Just now, I posted a review of Alice Sebold’s The Lovely Bones on Goodreads. I am posting only the opening two paragraphs here, because the rest of the review contains spoilers. If you would like to read the entire review, please look me up on Goodreads or look up reviews of The Lovely Bones and search for mine among the hundreds already there.
I listened to the audio version read by the author, Alice Sebold. This version is about 10.5 hours in length and I listened to it on a trip from Midland, TX, to Gillett, AR, that lasted about 10.4 hours (counting only actual driving time). When I arrived home, I brought my baggage, groceries, and the dog in and dropped everything else until I had finished it.
This book is very well written. It is poignant, thoughtful, easy to comprehend, and reader-friendly. The title does not refer to what you probably think it does. That’s not revealed to the last chapter or two. It really makes one think about one’s relationships with one’s family and how one fits into the overall picture of life and death. I definitely recommend reading this book. It might change how you look at things.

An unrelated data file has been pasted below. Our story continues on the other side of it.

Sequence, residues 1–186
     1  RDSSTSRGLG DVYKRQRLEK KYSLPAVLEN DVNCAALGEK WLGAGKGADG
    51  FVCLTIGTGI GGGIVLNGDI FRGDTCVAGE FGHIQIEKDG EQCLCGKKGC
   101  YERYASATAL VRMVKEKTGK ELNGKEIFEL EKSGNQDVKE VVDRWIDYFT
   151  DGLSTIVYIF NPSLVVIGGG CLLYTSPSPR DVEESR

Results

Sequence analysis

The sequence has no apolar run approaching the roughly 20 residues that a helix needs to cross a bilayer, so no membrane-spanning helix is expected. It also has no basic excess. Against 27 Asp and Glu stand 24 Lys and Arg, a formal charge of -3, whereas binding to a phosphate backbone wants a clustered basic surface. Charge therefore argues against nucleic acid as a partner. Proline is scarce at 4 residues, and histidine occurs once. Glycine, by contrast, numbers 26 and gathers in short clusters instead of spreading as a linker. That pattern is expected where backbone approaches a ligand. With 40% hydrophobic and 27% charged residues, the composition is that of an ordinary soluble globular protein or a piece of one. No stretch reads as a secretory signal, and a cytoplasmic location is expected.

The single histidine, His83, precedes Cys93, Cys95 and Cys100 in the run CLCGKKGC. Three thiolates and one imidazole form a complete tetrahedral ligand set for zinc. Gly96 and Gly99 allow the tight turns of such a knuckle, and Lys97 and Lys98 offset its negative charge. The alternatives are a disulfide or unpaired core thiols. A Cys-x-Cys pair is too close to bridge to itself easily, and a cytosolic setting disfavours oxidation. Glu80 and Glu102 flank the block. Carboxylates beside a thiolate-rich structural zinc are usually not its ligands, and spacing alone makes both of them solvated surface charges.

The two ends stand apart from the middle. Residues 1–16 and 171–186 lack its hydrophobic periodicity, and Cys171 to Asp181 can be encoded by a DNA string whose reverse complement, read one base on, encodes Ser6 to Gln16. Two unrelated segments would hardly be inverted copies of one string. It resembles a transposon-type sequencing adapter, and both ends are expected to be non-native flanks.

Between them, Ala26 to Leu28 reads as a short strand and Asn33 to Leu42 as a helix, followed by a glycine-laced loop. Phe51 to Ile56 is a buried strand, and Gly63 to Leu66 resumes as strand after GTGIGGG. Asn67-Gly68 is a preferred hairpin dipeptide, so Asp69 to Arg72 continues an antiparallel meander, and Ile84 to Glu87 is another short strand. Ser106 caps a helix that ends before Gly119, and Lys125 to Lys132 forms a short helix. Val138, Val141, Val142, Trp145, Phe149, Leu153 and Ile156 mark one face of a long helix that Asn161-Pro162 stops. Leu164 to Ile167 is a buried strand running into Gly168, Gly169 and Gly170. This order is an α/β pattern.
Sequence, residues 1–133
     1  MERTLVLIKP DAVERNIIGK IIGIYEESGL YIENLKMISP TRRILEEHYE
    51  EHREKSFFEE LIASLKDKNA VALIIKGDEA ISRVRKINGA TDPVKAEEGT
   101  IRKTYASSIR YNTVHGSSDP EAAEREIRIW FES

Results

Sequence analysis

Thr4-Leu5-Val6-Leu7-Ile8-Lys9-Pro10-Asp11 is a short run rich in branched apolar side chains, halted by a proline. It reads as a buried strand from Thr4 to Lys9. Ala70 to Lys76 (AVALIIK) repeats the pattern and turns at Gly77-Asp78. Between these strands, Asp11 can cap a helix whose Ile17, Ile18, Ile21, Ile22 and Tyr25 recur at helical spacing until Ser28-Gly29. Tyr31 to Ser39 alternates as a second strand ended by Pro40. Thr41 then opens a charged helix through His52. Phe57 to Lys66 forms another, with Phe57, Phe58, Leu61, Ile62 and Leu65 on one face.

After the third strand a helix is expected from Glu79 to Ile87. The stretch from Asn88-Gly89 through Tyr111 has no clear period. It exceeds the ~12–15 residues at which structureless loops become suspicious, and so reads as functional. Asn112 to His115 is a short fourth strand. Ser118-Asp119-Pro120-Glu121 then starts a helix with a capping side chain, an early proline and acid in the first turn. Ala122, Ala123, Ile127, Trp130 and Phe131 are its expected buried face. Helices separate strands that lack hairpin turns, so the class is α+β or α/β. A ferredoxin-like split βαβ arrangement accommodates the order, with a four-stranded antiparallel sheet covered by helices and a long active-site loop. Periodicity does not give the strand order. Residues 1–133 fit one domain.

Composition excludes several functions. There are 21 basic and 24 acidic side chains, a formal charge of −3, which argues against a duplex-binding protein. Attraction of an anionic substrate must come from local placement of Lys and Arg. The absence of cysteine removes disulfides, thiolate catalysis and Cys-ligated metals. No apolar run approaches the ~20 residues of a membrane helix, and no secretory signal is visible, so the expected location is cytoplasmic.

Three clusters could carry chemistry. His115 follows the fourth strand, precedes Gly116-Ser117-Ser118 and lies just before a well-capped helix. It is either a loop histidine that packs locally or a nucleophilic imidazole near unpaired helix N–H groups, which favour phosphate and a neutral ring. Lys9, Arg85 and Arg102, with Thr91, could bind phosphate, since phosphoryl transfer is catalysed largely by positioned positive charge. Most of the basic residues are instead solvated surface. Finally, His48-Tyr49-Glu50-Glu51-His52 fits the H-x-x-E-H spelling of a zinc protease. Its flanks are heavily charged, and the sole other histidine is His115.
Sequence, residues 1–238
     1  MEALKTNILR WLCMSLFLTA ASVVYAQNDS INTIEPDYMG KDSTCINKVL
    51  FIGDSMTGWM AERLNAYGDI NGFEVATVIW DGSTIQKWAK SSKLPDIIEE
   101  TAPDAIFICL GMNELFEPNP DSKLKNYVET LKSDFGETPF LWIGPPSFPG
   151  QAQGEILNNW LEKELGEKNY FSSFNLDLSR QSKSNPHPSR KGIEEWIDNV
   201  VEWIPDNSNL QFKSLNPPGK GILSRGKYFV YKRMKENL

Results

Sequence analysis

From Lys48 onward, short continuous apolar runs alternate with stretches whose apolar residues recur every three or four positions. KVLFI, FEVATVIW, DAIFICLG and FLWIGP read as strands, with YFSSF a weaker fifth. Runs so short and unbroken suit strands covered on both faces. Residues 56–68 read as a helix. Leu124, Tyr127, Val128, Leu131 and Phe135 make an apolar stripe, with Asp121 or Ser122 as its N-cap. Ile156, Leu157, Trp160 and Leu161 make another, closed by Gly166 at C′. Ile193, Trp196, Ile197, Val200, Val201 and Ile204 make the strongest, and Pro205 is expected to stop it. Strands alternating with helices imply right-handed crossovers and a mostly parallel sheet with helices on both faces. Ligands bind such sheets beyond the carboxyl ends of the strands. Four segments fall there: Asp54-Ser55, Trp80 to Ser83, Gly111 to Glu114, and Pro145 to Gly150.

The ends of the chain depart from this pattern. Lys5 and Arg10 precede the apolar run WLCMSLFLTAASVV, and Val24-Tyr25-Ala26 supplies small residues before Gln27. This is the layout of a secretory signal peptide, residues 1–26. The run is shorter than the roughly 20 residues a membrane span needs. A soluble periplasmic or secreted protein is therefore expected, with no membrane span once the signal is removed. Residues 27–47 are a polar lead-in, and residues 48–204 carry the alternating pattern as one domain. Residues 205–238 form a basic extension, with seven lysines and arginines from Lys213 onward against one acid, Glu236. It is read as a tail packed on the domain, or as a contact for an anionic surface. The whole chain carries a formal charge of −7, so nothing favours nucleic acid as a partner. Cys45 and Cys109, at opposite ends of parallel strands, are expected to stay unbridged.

I have been contemplating my play “Centaurs” and trying to work out what I need to change. It just isn’t exciting enough. It doesn’t involve the audience enough. I know there’s something missing, but I can’t pinpoint it. Therefore, tonight I have been surfing YouTube for performances of great plays and surfing the Internet for what are considered the great play of American theatre. Perhaps not surprisingly, there is a generally accepted canon of the greatest American plays: “The Iceman Cometh”, “Long Day’s Journey into Night”, “Death of a Salesman”, “Who’s Afraid of Virginia Woolf”, etc., with “Angels in America” probably being the most contemporary on most lists. Although all are terrific works, none seem to have something innovative enough to interest me. Therefore, I have started looking into contemporary theatre. This is turning out to be quite interesting. Contemporary theatre, based on the few videos I have seen tonight (and on past experience too, of course), seems to have the minimalist, dreamy, postmodernist, almost mystical qualities that intrigue me. I will continue my research for probably a few days to come, but I am already coming up with ideas about interaction with the audience and monologues. Combining those with my own past experience in public speaking and acting (I was once in two short Tennessee Williams plays), I feel I may be on to something.